Africa’s first official transfrontier park, named KGALAGADI TRANSFRONTIER PARK after the ancient San name for the Kalahari (it’s pronounced “kha-la-khadi”, the kh as in the Scottish “loch”), is the result of the formalization of a long-standing joint management arrangement between South Africa’s Kalahari-Gemsbok National Park and Botswana’s neighbouring Gemsbok National Park. The local Mier and San communities have agreed that their land be jointly managed by themselves and South African National Parks, so that the land remains part of the wildlife sanctuary. In keeping with the agreement, tourism opportunities for the local community are being explored, including training people as trackers and rangers. The park is run as a single ecological unit and gate receipts are shared, although the tourist facilities in South Africa and Botswana are still run autonomously. Almost all visitors to the park will, however, encounter only the South African section, where all the established tourist facilities are found.
Kgalagadi covers an area of over 37,000 square kilometres – nearly twice the size of Kruger National Park – and although the South African side is by far the smaller section, it still encompasses a vast 9500 square kilometres. Be prepared to clock up some serious mileage here; the shortest circular game drive is over 100km long, not far short of the distance to Mata-Mata restcamp on the western edge of the reserve. The park is bounded on its western side by the Namibian border, and to the south by the dry Auob River and a strip of land running parallel to this. The national boundary with Botswana follows the dry Nossob river bed, as does one of the few roads in the park. No fences exist along this line, allowing game undisturbed access to the ancient migration routes so necessary for survival in the desert. The main roads follow the river beds, and this is where the game – and their predators – are most likely to be. Water flows very rarely in the two rivers, but frequent boreholes have been drilled to provide water for the game. Larger trees such as camelthorn and witgat (shepherd’s tree) offer a degree of shade and nutrition, and desert-adapted plants, including types of melon and cucumber, are a source of moisture for the animals.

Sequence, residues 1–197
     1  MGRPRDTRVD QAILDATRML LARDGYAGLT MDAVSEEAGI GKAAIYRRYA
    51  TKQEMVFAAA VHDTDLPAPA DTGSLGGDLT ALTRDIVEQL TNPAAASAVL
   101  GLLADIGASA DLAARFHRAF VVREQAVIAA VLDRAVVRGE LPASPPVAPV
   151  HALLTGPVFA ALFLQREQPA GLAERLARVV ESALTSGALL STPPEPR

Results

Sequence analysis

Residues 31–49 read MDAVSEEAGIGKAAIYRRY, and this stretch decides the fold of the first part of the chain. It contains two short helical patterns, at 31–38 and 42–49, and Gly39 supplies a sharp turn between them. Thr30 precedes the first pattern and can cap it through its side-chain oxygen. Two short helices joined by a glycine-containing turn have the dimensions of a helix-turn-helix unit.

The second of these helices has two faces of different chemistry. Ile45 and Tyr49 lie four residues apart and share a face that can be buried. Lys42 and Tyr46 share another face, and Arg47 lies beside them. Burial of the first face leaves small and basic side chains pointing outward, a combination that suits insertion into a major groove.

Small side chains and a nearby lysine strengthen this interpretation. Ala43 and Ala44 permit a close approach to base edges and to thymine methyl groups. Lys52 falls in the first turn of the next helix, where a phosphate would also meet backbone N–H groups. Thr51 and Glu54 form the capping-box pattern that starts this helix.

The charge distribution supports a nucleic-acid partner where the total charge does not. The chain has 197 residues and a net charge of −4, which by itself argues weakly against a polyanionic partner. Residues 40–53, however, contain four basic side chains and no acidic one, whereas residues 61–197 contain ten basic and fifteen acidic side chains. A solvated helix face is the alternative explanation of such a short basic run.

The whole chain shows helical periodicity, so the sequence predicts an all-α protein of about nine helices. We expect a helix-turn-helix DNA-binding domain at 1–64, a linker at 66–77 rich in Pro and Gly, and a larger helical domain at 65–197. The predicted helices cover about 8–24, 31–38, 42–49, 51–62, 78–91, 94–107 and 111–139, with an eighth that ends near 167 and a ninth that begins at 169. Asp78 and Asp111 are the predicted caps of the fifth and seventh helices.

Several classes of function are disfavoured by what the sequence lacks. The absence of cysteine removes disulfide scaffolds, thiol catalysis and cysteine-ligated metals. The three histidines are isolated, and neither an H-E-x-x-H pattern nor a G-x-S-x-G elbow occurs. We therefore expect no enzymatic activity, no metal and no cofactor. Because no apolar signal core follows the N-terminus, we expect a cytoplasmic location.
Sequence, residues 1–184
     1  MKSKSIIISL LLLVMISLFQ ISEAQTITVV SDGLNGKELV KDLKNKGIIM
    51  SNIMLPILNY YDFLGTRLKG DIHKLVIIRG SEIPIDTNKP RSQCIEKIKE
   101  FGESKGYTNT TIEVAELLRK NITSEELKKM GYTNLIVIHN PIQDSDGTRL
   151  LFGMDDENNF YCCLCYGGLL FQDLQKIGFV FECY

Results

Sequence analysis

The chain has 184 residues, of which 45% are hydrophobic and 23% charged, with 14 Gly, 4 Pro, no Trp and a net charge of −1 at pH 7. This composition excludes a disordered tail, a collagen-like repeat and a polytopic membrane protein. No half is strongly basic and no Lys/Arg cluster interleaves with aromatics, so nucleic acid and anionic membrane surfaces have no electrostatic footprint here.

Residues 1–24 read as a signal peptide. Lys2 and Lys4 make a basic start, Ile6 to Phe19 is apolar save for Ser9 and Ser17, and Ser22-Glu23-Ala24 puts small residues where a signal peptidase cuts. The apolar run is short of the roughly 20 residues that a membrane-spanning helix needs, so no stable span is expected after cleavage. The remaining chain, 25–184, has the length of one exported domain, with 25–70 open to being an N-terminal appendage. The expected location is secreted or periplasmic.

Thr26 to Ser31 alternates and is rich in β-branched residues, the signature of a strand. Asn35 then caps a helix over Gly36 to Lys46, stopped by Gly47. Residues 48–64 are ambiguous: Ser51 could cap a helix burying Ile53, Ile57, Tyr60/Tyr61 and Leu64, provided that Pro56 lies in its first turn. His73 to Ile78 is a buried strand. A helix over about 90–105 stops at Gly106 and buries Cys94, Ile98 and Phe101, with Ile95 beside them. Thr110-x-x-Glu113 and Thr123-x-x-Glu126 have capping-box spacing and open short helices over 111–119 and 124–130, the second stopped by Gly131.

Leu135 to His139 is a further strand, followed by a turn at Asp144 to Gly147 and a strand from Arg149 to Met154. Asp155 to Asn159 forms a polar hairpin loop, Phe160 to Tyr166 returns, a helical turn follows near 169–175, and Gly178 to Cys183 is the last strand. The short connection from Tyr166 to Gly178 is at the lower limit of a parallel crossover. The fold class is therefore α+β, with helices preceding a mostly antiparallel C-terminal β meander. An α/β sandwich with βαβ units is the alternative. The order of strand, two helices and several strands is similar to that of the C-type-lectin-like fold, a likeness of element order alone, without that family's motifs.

Much of the park is dominated by red sand dunes, which, when seen from the air, lie strung out in long, wave-like bands. From a car, the perspective is different, as you are in the valley of the river bed, but this doesn’t prevent the path from offering one of the finest game-viewing experiences in South Africa – not only for the animals, but for the setting, with its broad landscapes, the crisp light of morning and the huge open skies. The clear viewing and wonderful light are ideal for photography, as shown by the exhibition at the visitor centre at Twee Rivieren Camp.
In a place where ground temperatures in the summer can reach a scorching 70¬∞C, timing your visit is everything. The best period to be in the park is between March and May, when there is still some greenery left from the summer rain and the sun is not so intense. Winter can be very cold at night, while spring, though dry, is a pleasant time before the searing heat of summer.
The game-viewing highlights in Kgalagadi Transfrontier Park are, inevitably, the predators, headed by the Kalahari lion and, enjoying rare status alongside the Big Five, gemsbok, the large, lolloping antelope with classically straight, V-shaped horns. You won’t find buffalo, elephant or rhino, but the other animals more than compensate. Of the remaining Big Five, leopards, as elsewhere, are not uncommon, but remain elusive. Kalahari lions commonly have much darker manes than those found in the bushveld, and studies have shown their behavioural and eating patterns to be distinctively well adapted to the semi-desert conditions here.
Beyond the Big Five, there are various species of antelope, hyena, jackal, bat-eared fox, cheetah and some extravagant birdlife, including vultures, eagles, the dramatic bateleur (which takes its name from the French word for an acrobatic tumbler), bustards and ostrich. There’s also a good chance you’ll see family groups of suricate, a relative of the mongoose and squirrel, striking their characteristic pose of standing tall on their hind legs, looking round nervously for signs of danger.
The best time to take your game drives is as early as possible in the morning, when you’re more likely to see animals out in the open. Drives normally take at least four to five hours, so an early start means you can avoid the desert sun at its zenith. The last couple of hours of light in the afternoon are also a good time for game (and for taking photographs), but it’s a lot more relaxing to go out for a little foray from your base than to be en route to a new camp, destined to arrive just as it’s getting dark. The middle of the day, especially during summer, is a necessarily inactive time for both animals and humans, so don’t plan too full a programme.